Xylitol dosing for adults.

- This page provides an overview of the dosing levels evaluated by studies investigating the use of xylitol in reducing tooth decay rates in adults. It also provides a summary of these findings.


Research studies.

Since there are no formal dosing recommendations for the use of xylitol as a preventive for the formation of tooth decay, one must evaluate published research articles and draw conclusions from them.

Toward this type of review, we provide the table below. It's similar to that published by Makinen (2000) in his paper "The Rocky Road of Xylitol to its Clinical Application."

This paper documented the tribulations of dental health professionals over the years as they promoted the use of xylitol. It also detailed various dosing amounts that had been evaulated and the reduction in tooth decay rates that had been attributed to them.

Study Xylitol Intake
(grams per day)
Study Duration
(in years)
Tooth Decay
Isokangas (1988) 7 to 10 3 59 to 84%
Scheinin (1975) 6.7 1 >82%
Makinen (1996) up to 8.5 1.8 80%
Galiullin (1981) 30 2 73%
Makinen (1995) up to 10.7 3.3 up to 73%
Makinen (1996) up to 10.7 2 up to 65%
Kandelman (1988) up to 20 3 58 to 62%
Alanen (2000) 5 2 to 3 50 to 60
Isokangas (1988) 7 to 10 2 30 to 57%
Kandelman (1990) 1 to 3.9 1 to 2 52%
Scheinin (1985) 14 to 20 2 to 3 37 to 45%

What you need to know.

a) Beyond a certain point, more isn't better.

The table above shows that most studies (including those that reported the greatest anti-cavity effect) only dosed their subjects with moderate amounts of xylitol, typically on the order of 10 grams per day or less.

The existence of a dosing ceiling was confirmed by a study [Milgrom (2006)] that evaluated different xylitol doses in regard to their ability to create changes in the level of cariogenic bacteria (the types of bacteria that cause cavities) found in dental plaque and saliva. Its conclusions were that a plateau effect came into play where amounts exceeding 10.3 grams per day were not likely to increase effectiveness.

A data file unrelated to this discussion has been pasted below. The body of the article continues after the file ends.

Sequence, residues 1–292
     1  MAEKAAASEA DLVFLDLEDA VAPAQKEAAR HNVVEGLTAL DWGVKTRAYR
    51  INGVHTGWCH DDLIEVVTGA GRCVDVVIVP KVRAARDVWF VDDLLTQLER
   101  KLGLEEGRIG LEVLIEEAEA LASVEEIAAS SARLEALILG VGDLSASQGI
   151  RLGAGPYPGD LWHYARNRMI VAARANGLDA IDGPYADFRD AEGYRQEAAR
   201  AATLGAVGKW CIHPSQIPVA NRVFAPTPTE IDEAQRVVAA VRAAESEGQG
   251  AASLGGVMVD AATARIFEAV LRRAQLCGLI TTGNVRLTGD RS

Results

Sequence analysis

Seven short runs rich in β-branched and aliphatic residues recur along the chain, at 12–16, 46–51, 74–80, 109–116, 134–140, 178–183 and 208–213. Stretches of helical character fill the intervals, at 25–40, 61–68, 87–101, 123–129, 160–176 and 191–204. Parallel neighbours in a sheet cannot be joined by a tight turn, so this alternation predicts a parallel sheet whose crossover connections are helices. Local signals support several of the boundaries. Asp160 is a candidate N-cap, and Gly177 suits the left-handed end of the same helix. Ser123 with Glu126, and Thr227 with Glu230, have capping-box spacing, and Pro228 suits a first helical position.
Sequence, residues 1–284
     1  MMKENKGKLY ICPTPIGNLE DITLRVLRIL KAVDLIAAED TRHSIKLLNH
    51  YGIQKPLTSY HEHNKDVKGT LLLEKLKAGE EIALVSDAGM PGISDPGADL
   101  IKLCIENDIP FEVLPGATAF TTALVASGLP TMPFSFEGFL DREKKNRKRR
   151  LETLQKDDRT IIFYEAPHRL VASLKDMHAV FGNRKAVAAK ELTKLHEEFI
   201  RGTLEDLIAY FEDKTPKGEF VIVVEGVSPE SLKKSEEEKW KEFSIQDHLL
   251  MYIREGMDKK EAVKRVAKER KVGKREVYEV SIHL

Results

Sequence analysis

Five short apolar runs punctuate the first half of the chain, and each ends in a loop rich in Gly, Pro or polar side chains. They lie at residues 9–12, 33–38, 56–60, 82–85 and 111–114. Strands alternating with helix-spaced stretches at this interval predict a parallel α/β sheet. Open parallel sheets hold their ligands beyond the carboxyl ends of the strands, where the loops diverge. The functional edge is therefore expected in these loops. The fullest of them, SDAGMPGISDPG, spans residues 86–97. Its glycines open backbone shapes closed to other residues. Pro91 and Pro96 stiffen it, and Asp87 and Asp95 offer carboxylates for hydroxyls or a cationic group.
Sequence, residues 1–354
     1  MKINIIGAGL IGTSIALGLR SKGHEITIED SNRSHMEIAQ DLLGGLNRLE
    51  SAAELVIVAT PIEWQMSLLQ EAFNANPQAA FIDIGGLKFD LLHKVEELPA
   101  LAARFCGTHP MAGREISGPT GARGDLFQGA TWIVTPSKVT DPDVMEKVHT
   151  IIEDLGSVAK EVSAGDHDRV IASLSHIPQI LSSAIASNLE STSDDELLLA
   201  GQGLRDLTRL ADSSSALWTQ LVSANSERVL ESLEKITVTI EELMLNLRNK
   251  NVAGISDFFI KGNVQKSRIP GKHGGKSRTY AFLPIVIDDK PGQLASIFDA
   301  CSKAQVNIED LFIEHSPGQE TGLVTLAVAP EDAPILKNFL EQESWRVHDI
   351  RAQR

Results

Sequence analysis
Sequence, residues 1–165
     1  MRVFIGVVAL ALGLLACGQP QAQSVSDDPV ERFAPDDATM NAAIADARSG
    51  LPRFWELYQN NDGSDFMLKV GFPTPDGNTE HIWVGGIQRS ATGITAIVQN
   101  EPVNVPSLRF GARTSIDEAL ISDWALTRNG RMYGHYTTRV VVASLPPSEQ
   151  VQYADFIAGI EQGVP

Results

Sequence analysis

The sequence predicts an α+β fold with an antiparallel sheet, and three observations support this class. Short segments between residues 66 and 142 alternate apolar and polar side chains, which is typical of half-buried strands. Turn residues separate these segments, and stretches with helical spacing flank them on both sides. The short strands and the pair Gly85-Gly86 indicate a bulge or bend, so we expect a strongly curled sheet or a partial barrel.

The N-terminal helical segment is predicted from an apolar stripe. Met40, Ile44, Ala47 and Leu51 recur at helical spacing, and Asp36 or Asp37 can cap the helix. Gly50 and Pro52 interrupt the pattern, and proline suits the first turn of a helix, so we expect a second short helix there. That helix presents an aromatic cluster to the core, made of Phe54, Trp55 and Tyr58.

Granular xylitol.

2 tsp. of granular xylitol a day can help to prevent tooth decay.

Most adults only need about this much (2 tsp.) per day.

This study also concluded that doses of 3.5 grams or less per day were ineffective in producing changes in populations of these bacteria.

!! Overall, it suggested that an effective xylitol dosing for preventing tooth decay lay between 6.9 and 10.3 grams per day. That's on the order of about 2 tsp. per day (see picture).

b) Long-term consumption is well tolerated.

Take notice that each study listed above ran for at least one year and, at the other extreme, for as long as 3.3 years. This shows that the long-term consumption of xylitol (within the levels shown in the table) is easily tolerated and does not pose a health risk or create significant side effects.

c) Protection takes time to develop.

The time frames chosen for the above studies reflects the fact that the preventive effects created by xylitol consumption are not immediate. A person's regimen needs to be in place and continued for several consecutive months, and preferably a year, before it can be assumed that maximum anti-cavity protection exists.

Conclusions: Xylitol dosing for adults.

Based on the findings of the studies listed in the table above, for an adult, the following regimen would seem to be reasonable and expected to ultimately produce an optimal anti-cavity effect.

1) Six to ten grams per day.

2) Divided up into three to five doses throughout the day.

3) Continuation of this regimen for six months to a year before it can be assumed that maximum anti-cavity protection exists.



Input from site visitors.

How to use?

Hello, Do I need to ingest the xylitol to help prevent cavities, or can I rinse my mouth out with a mixture of xylitol & water? Thank you.


Thanks for asking and we'll go through our site and try to make this point more clear for others.

In regard to cavity prevention, it's the amount of xylitol that your mouth is exposed to that's important. Any xylitol that is swallowed does not further contribute to this effect.

That means (just like you suggest) rinsing with a xylitol solution (and spitting it out) can be an effective way to create the needed amount of oral exposure. You would need to do this a couple of times a day.

By not swallowing, you avoid the potential for possible gastric upset.

What ratio should a mouthwash contain of xylitol to water?

I've been making a 1:1 ratio mouthwash by melting the sugar into water over low heat and use that 4 times a day as a mouthwash. Is this too concentrated?


It's the dosing level that's important, not the concentration. Even just placing granular xylitol directly into your mouth (which in effect is an even more concentrated form), letting is dissolve in your saliva and then swishing with that would be just fine.

But what your question doesn't address/explain is your total exposure to xylitol per day (both per dosing and total daily dosing). That's what's important.

This page discusses making homemade rinses.

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